Although the perception of golf as an elitist game is slowly dissipating, that long-held view by the general public is partially the fault of the USGA.
The first 71 U.S. Opens, dating from 1895 to 1971, were held at private clubs. (The Open was suspended for two years during World War One, and four years during World War Two.) That all changed in 1972, when Pebble Beach hosted the U.S. Open for the first time. (Though it’s prohibitively expensive today, with green fees north of $500, back then it cost twenty bucks to play.) Pebble played host again a decade later in 1982 (green fees—$60) and then again in 1992 (green fees—$200). Slowly over the last couple of decades, more public courses have made their way into the rotation. Nine of the last twenty U.S. Opens will have been held at public-access facilities, including the 2017 iteration at Erin Hills in Wisconsin.
Private standard-bearers like venerable Oakmont (Pittsburgh), Shinnecock Hills (Long Island), The Country Club (Boston), Merion (Philadelphia), Oakland Hills (Michigan) and Winged Foot (New York) will likely always be part of the rotation for this important championship. But here’s a brief look at the esteemed roll call of public courses, half-a-dozen strong, that have joined the fray in relatively recent times:
Pebble Beach is the bellwether of this select group. Not only has it held the Open five times, it will serve as host once again in 2019. Furthermore, it has crowned the most distinguished roster of champions, including Jack Nicklaus in ’72, Tom Watson (who nipped Nicklaus) in ’82, Tom Kite in ’92, Tiger Woods and his epic, record-setting fifteen shot victory in 2000, and Irishman Graeme McDowell in 2010. However, besides the frequency of play and quality of winners, Pebble is the most desirable and scenic public course in existence. It’s a heady combination of an ocean-side location on California’s Monterey Peninsula, dramatic cliffs, crashing surf, magnificent course-side mansions, and the sheer anticipation of the many thousands who visit Pebble annually, in many cases fulfilling a life-long goal in doing so. It’s the ultimate ‘bucket list’ golf course, and its status as a five-time U.S. Open venue only adds to the allure.
Pinehurst #2, while lacking the seaside drama and illustrious roster of winners, is undoubtedly the silver medalist in this category. A three time Open venue, the late Payne Stewart won at the Open’s first iteration, in 1999. (Holding off Phil Mickelson by a slender shot, consigning Lefty to the very first of his record half-a-dozen second place finishes in our national championship.) New Zealander Michael Campbell won in 2005, and Germany’s Martin Kaymer in 2014. (It’s also worth mentioning that the following week the U.S. Women’s Open was won by American Michelle Wanoie at the same course.) Pinehurst #2 will host again in 2024. Known as the Cradle of American Golf, this venerable and traditional North Carolina resort offers nine championship courses in all, but the first among equals is old #2, the Donald Ross masterpiece from 1907. Ross tinkered with the design until his death in 1948. In 2010 Bill Coore and partner, two-time Masters champion Ben Crenshaw, began to restore the natural and strategic characteristics that had been lost through careless mowing patterns and indifferent agronomic practices through the decades. The project included the removal of about thirty five acres of turf and the reintroduction of hardpan, natural bunker edges and native wire grasses.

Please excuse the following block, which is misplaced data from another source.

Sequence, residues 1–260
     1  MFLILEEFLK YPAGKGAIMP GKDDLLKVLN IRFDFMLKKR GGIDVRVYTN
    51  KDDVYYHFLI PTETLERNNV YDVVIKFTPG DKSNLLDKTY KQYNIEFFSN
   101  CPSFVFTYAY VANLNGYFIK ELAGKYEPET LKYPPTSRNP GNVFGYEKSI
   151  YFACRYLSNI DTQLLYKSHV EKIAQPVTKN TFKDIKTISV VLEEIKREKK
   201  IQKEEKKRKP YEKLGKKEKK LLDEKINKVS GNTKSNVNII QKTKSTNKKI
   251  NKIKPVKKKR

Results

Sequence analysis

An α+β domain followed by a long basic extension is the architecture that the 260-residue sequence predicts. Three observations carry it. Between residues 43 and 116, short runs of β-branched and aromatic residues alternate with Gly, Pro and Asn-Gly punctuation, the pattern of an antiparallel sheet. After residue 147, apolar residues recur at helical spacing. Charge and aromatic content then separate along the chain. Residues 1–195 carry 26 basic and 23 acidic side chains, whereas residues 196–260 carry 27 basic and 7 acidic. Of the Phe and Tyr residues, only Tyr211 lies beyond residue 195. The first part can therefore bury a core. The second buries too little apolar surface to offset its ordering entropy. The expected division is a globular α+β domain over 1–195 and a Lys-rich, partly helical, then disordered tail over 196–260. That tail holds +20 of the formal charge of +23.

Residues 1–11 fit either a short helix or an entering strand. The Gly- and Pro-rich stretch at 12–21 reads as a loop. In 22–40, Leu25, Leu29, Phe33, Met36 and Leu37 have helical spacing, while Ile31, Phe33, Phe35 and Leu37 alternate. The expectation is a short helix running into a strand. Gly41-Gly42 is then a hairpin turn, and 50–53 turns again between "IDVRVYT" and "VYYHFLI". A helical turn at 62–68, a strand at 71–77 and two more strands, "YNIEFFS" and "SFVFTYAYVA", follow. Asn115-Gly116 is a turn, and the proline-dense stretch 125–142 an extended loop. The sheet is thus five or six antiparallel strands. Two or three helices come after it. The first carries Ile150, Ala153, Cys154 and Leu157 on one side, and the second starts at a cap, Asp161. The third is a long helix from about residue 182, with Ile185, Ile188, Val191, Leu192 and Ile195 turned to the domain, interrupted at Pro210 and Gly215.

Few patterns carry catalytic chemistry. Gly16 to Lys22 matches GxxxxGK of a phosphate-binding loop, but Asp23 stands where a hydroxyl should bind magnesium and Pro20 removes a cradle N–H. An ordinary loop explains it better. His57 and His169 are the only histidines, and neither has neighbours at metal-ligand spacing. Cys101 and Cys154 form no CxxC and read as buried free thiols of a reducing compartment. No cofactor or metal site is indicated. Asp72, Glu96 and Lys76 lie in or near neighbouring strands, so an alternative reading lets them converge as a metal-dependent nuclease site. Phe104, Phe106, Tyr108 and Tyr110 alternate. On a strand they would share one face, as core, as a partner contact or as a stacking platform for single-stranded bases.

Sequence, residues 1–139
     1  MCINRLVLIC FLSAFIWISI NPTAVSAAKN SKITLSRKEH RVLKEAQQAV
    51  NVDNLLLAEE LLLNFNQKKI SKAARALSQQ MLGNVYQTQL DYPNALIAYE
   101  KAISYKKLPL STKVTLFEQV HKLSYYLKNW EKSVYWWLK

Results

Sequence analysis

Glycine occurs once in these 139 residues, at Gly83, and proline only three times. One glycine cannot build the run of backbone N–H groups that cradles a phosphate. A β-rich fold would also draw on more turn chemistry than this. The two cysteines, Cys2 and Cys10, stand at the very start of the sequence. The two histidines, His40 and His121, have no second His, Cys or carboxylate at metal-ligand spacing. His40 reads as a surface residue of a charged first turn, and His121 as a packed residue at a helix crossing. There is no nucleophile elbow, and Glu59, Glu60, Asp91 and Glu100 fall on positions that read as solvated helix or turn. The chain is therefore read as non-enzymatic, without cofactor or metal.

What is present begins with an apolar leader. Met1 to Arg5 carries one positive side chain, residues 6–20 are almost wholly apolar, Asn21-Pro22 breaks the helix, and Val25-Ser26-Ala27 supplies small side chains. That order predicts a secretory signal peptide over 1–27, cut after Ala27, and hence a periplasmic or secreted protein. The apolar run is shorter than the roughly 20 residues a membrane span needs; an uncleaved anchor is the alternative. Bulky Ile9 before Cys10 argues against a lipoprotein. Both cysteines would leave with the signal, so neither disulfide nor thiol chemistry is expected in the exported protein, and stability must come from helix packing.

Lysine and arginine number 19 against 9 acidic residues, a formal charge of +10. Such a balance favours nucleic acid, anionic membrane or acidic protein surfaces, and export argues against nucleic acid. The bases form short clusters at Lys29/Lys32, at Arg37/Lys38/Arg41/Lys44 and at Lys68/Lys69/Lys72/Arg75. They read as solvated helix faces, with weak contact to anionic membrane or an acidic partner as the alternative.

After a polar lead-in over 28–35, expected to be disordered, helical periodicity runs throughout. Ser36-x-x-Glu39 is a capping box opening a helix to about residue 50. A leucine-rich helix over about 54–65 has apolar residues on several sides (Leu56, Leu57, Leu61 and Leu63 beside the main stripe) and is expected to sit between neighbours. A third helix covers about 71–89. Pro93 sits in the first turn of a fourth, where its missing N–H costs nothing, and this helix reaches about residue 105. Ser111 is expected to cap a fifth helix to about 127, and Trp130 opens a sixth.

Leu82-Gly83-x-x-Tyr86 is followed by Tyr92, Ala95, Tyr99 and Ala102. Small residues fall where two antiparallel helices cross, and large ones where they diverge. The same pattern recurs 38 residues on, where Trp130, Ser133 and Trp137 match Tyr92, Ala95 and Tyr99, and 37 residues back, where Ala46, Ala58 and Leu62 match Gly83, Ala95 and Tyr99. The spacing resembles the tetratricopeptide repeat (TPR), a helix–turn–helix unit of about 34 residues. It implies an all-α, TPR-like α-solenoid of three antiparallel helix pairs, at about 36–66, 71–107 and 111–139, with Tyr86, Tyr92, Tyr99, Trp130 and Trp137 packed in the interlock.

Bethpage Black takes the bronze for several reasons. The first is that it’s an awesome, larger-than-life test of golf, an A.W. Tillinghast designed gauntlet with capacious bunkers, tilted greens, waving fescue, and a well deserved reputation as one of the nation’s sternest tests of golf. The famed warning sign on the first tee states that it is an extremely difficult course recommended only for highly skilled golfers. The second reason is that it’s truly an ‘everyman’s’ course, part of the massive Bethpage golf complex on Long Island, with its companion blue, green, red and yellow courses, all available at reasonable rates to the public. Thirdly, it has hosted a pair of U.S. Opens. The inaugural version was captured by Tiger Woods in 2002.
Torrey Pines, Chambers Bay and Erin Hills round out the six pack. The former two have been one-time hosts, (although Torrey gets another shot in 2021) and Erin Hills debuts in 2017. If the Bethpage complex is the preeminent municipal facility in the nation, Torrey Pines, with its famed thirty six holes of golf, set amongst cliffs, ravines and hard by the Pacific, is a close second. This San Diego landmark was the site of one of the most memorable U.S. Opens in history. In 2008, Tiger Woods on a ruined leg managed to tie journeyman Rocco Mediate with a clutch twenty-foot putt on the final hole and defeat him in a playoff the following day. It was the (presumably) last Major championship of Tiger’s magnificent, albeit truncated career. Chambers Bay, south of Tacoma, Washington, played host to the Open in 2015. It’s a wondrous links-style setting full of funky bounces and odd angles, with dazzling views of the Puget Sound. Unfortunately the championship, won by Jordan Speith after Dustin Johnson three-putted the final hole from twenty feet, was marred by bumpy and irregular putting surfaces. Finally, Erin Hills takes the spotlight in 2017. Located about thirty minutes north of Milwaukee and two hours from Chicago, this massive (six hundred acres, nearly 8,000 yards from the championship tees) windswept, virtually treeless location has very few level lies. It is a combination of humps, hollows, angles and slopes. Barring downpours, the fescue fairways insure it will play firm and fast. It is certain to test the world’s best golfers at the U.S. Open and perplex and enthrall the daily-fee players who will be drawn there in their wake.